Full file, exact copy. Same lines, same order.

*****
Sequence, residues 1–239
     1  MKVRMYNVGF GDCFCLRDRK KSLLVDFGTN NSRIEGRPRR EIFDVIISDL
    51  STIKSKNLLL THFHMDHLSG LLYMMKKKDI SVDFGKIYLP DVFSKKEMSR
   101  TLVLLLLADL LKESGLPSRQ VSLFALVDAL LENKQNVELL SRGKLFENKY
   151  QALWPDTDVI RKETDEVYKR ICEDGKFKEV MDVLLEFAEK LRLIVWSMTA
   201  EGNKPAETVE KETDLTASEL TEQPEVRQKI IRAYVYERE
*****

Sequence, residues 1–239
     1  MKVRMYNVGF GDCFCLRDRK KSLLVDFGTN NSRIEGRPRR EIFDVIISDL
    51  STIKSKNLLL THFHMDHLSG LLYMMKKKDI SVDFGKIYLP DVFSKKEMSR
   101  TLVLLLLADL LKESGLPSRQ VSLFALVDAL LENKQNVELL SRGKLFENKY
   151  QALWPDTDVI RKETDEVYKR ICEDGKFKEV MDVLLEFAEK LRLIVWSMTA
   201  EGNKPAETVE KETDLTASEL TEQPEVRQKI IRAYVYERE